Effects of Barodiffusion on the Transportation of a Compound near a Bifurcation

Andrés Chavarría
Research Center Juelich,Germany
a.chavarria@fz-juelich.de

 

Introduction

A normal transport/diffusion equation has a constant solution for constant Dirichlet-Boundary conditions. Still so measurements show a non constant solution near e.g. a bifurcation. This has as a consequence a cleaning effect on the sovent, specially when the bifurcation is not symmetrical. The normal transport/diffusion equation is thus not enough to describe the concentration near such a bifurcation. It turns out that barodiffusion, a type of diffusion which happens when there is a gradient of pressure, could be the driving force of such cleaning effects. This sort of diffusion is normally neglected because its effects are small, but specially when the flow is within capillaries, vessels which have a small ratio of thickness to length, it becomes of importance.
 

Equations

The problem at hand is described by the flow equations, normally a simplification of the Navier-Stokes equations, and a modified transport/diffusion equation containing a barodiffusion contribution. Only one compound, which was assumed to have a small concentration, was considered.

Figure 1. shows the type of domain that was contemplated. In this simplified example it is composed from one inlet $\Gamma_{in}$ and two outlets$\Gamma_{out}$. The boundary condition on the natural boundary $\Gamma_{sw}$ models that no compound can diffuse through it, while on the inlet and on the outlet a constant profile is prescribed.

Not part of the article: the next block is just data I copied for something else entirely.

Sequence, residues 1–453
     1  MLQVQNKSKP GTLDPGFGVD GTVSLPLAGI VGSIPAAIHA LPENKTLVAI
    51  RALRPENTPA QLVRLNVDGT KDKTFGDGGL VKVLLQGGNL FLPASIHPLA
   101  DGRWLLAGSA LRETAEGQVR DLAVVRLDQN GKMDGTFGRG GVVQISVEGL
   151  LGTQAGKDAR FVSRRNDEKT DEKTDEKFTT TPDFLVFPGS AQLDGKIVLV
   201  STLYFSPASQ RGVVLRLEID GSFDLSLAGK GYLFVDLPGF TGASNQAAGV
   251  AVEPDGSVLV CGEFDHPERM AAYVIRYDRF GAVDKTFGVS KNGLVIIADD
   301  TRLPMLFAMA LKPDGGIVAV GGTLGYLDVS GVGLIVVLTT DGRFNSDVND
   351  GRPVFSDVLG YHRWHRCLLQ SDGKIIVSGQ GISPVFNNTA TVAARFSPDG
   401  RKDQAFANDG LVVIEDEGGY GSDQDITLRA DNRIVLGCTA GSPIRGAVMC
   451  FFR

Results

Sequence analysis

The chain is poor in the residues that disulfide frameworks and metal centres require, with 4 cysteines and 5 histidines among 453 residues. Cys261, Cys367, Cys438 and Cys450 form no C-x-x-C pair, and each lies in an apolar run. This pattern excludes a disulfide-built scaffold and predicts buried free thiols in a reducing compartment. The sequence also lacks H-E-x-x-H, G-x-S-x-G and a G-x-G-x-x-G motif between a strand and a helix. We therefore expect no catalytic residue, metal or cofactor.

Type of domain and its boundaries

Figure 1.: Type of domain considered and its corresponding boundaries. The natural boundary is indexed with "sw", while the inlet and the outlets are indexed with "in" and "out".
 

By using the smallness of the concentration and assuming that the variations are also small, the barodiffusion contribution reduces to a source term proportional two the laplacian of the pressure. Hence only the non-harmonic portion of the pressure produces barodiffusion. Also an incompressible flow was assumed. This is cannot completely describe correctly the problem, becuase the density depends on the concentration and hence on the space coordinates. Still so, becuase the concentration variations are taken to be small, the aberration from the incompressibility is small.
As a whole, the equation system describing the problem is given byEquations

whereas:

$\Omega$ is the domain, $\Gamma_{sw}$ the natural boundary, $\Gamma_{in}$ and$\Gamma_{out}$ the inlets and outlets, and $\mathbf{n}$ is outer normal vector of the corresponding boundary;
$\mathbf{v}$ is the velocity, $p$ the pressure, and $c$ the concentration;
$\mathbf{h}$ is a Poiseuille-profile, and $h_c$ a constant;
$\nu$ is the kinematic viscosity, $D$ the diffusion constant, and $\kappa$ the barodiffusion constant.